In the age of information technology interpretation of data is becoming more important. Big companies like Google and Facebook use data mining techniques to extract useful information from huge amounts of data. At the Center of Expertise in Computer Vision we face similar challenges.

Computer vision is a field in which information is extracted from images. Usually the main goal is to automate visual inspections, for example: license plate recognition on cars. With the increasing resolution of camera’s and the increasing demand for information extraction and interpretation, the complexity also increases. Because of this complexity, advanced techniques like machine learning need to be utilized to analyze image data and to build models to interpret data. The increasing resolution, frame-rates, and types of cameras require solutions to manage, and build models from big amounts of (image) data or Big Data. Feedback and visualization is needed to communicate to high level systems or provide feedback for human operators. This triangle of data management, building models and feedback is central to the field of Data Science.

Data Science is identified by the Centre of Expertise in Computer Vision to be one of the important support fields of computer vision. We perform commercial and subsidized applied research projects on several areas of Data Science. Usually, but not necessarily using image data. Each semester we need for students willing to participate in these projects. For example [1]: Optimization of sorting machine parameters, automatic antibiotic susceptibility testing and comparison of inoculation methods. This article provides some further explanation and breakdown of Data Science using a simple example application.

Data Science is a generic term for extracting knowledge from data. It is usually of a multidisciplinary nature and encompasses integral solutions to knowledge extraction from data. Several parts can be distinguished:

Data acquisition and management: Sensor fusion, Feature Extraction, Big Data and Parallelization.

This first part of Data Science is closely related to Information Science. Data can come from a great variety of input sources. Typically information is measured by sensors like visual, environmental, and movement sensors. All sensors are different in the type of information they provide and the frequency at which they operate. This sensor information needs to be fused together into structures before anything useful can be done with it. The amount of raw data that is produced by cameras easily reached multiple gigabytes. To efficiently extract information from image data (feature extraction), parallelization of information extraction algorithms is necessary. Big Data is the term used to handle big amounts of data and to apply knowledge modeling to it.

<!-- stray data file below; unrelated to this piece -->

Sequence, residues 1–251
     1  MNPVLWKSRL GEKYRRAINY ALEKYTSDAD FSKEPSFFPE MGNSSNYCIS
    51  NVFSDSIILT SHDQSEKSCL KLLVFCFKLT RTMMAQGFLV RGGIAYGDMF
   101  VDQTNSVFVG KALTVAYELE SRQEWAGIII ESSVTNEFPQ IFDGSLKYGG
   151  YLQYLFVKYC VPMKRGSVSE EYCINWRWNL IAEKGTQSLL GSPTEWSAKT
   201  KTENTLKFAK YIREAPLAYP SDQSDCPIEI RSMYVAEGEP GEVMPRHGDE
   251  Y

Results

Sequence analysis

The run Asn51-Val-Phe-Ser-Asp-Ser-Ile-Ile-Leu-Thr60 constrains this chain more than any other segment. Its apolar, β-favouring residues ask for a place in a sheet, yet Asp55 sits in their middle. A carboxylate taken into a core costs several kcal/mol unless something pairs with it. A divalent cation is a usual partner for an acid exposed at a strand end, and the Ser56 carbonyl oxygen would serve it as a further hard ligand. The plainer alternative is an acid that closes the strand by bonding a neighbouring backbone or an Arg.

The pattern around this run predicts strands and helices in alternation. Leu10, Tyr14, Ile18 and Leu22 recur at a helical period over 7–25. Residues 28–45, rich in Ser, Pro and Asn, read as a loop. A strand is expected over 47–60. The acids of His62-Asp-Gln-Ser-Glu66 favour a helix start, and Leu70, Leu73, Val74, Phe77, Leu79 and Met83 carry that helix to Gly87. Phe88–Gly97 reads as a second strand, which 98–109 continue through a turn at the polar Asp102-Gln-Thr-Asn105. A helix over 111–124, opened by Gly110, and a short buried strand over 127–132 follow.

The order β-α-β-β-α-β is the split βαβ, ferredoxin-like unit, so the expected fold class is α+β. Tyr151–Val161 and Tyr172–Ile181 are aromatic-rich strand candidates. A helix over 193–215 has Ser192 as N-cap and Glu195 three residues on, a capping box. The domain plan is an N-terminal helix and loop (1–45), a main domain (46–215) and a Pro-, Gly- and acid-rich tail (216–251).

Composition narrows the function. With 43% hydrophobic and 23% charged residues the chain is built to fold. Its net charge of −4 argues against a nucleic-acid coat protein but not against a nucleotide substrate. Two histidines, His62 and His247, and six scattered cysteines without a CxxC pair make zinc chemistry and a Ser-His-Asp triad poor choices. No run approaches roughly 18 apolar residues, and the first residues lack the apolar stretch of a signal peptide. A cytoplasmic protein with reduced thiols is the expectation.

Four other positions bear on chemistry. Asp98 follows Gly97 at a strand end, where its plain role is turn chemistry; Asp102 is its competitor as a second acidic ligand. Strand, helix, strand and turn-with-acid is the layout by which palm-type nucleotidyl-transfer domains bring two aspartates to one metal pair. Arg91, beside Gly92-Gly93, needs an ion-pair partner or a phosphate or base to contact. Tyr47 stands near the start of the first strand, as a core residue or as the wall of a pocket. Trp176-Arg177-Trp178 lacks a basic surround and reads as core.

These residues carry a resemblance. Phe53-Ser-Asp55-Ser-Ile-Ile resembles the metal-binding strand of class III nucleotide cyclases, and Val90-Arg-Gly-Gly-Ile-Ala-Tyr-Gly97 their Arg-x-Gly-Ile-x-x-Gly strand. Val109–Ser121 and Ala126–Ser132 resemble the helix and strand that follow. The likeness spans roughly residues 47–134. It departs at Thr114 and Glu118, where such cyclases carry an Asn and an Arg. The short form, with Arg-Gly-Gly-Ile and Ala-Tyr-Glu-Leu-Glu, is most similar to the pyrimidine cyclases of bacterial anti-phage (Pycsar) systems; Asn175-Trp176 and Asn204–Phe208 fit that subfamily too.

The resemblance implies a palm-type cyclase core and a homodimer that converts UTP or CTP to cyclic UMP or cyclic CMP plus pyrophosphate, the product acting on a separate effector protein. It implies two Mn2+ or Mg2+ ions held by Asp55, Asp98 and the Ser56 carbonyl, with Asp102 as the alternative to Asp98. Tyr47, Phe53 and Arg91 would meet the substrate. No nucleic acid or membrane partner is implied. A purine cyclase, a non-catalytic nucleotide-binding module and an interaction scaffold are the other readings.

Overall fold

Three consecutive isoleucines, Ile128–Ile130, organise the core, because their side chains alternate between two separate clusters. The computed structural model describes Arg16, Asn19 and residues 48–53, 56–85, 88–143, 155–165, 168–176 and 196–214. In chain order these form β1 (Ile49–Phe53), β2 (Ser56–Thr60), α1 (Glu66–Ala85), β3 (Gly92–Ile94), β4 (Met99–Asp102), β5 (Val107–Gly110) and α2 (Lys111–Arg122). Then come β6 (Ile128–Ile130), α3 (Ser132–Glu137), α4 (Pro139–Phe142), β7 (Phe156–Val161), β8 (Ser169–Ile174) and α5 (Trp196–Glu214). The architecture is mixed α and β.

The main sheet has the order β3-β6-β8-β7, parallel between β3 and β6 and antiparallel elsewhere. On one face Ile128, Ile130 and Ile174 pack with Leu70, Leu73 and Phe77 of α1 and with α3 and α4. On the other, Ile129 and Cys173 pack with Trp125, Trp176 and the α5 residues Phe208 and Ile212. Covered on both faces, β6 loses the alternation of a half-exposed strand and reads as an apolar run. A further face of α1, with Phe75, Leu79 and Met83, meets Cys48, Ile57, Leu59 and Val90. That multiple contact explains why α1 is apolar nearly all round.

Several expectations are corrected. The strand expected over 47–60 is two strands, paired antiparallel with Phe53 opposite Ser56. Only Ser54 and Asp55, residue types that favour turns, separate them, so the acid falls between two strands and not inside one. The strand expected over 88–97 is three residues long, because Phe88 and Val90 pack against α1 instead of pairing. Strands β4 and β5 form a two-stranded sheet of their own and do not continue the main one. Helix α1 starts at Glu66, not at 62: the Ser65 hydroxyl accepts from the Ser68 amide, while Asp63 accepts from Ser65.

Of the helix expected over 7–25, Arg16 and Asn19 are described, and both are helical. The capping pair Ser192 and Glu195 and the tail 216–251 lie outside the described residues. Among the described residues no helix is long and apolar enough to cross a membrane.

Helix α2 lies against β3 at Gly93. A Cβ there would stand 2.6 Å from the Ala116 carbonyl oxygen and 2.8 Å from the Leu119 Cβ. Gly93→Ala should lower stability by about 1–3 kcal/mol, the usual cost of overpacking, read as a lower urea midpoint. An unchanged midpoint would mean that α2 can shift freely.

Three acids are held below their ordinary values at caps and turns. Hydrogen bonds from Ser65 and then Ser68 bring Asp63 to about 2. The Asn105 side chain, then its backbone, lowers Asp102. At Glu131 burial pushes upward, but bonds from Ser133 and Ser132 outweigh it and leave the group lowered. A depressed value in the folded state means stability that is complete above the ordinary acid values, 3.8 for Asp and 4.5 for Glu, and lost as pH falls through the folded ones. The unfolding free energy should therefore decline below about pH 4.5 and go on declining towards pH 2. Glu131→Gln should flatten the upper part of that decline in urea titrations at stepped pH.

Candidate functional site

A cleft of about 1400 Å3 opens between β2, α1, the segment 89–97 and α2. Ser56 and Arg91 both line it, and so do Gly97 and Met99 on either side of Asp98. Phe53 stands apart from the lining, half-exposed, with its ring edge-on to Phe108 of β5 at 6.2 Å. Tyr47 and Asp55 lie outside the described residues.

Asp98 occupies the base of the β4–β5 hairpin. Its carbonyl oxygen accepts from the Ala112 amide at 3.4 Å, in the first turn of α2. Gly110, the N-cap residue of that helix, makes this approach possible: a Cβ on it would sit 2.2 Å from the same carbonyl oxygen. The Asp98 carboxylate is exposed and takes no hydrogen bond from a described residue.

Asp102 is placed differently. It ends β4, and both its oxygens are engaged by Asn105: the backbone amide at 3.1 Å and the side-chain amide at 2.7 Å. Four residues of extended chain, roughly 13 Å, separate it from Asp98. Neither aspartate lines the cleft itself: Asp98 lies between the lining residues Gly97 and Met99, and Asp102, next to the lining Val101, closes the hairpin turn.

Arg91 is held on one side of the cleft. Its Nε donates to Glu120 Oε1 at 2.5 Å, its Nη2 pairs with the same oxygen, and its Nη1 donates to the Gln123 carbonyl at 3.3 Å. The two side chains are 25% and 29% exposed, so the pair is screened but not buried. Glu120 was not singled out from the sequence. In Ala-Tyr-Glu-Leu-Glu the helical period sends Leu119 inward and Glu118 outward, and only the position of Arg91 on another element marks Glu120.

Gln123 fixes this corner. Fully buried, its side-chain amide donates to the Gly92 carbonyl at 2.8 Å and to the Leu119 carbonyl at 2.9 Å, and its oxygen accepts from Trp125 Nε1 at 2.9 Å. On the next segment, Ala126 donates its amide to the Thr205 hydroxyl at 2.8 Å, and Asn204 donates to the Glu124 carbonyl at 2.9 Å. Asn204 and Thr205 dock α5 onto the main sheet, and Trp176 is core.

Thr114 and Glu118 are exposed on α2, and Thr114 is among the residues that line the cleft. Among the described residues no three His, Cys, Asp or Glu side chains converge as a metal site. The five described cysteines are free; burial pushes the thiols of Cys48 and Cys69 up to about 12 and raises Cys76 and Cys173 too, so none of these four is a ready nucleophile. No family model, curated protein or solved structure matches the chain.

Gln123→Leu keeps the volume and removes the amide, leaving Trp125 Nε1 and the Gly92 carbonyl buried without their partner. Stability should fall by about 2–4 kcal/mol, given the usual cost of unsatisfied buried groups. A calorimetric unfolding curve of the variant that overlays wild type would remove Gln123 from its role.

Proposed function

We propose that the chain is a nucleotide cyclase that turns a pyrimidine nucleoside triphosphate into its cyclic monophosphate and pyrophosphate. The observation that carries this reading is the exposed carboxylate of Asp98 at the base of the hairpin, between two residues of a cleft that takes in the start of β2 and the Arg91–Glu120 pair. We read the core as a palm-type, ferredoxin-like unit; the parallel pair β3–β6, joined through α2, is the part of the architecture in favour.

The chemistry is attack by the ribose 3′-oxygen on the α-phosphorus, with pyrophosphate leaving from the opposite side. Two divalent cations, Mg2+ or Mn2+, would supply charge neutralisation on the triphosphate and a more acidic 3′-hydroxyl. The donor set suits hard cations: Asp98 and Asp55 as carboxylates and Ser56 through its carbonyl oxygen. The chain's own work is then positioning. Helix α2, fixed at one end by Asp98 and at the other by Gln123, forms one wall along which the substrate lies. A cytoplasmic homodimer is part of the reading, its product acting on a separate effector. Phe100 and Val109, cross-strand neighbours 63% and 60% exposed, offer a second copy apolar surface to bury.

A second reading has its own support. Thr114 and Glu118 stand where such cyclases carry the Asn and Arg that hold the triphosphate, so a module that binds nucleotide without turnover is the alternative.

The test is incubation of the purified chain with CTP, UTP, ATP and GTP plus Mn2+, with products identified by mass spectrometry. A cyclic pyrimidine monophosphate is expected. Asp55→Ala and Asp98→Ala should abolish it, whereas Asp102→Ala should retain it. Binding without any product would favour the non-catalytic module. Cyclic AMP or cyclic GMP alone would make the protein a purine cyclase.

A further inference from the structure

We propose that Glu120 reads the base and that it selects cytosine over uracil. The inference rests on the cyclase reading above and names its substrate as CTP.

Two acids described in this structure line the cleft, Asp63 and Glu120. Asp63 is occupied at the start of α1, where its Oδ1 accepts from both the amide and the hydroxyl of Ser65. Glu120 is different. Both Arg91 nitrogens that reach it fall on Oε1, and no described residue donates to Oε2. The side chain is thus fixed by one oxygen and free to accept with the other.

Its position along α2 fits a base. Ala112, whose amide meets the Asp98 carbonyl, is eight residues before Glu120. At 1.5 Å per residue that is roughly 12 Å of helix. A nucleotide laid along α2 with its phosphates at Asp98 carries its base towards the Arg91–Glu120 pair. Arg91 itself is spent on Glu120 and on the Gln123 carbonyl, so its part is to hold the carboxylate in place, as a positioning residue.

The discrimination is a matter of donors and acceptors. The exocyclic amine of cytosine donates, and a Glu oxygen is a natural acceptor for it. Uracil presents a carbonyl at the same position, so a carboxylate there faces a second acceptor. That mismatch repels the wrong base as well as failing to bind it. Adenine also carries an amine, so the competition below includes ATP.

Knowledge Modeling: Machine Learning and Pattern Recognition.

The second part of Data Science is closely related to Mathematics and Statistics. For intelligent systems to be able to identify or recognize objects, or to make predictions based on data, machine learning or pattern recognition is used. The goal is to find the model of a specific task which relates input data to output data. The key is to find this model by training from examples. Typically no explicit model is specified. The main idea it that knowledge about the problem is captured by a trained model. For example, in recognition of license plates: A model is trained to relate images of digits to known digits of license plates. After training, the goal is to read the digits of unknown license plates.

Feedback: Reporting and Visualization.

The third part of Data Science is related to multiple fields, including Multimedia, Computer Vision, Information Science, Mathematics and Statistics. Data needs to be displayed or reported in a convenient way to be able to manually interpret it. For example, a nice rectangle is drawn around a recognized license plate. But also the performance of the license plate recognition is measured using various performance metrics like execution speed, accuracy, etc. This data should maybe be presented continuously on a website or other type of reporting medium.

[1] Publications of the Center of Expertise Computer Vision.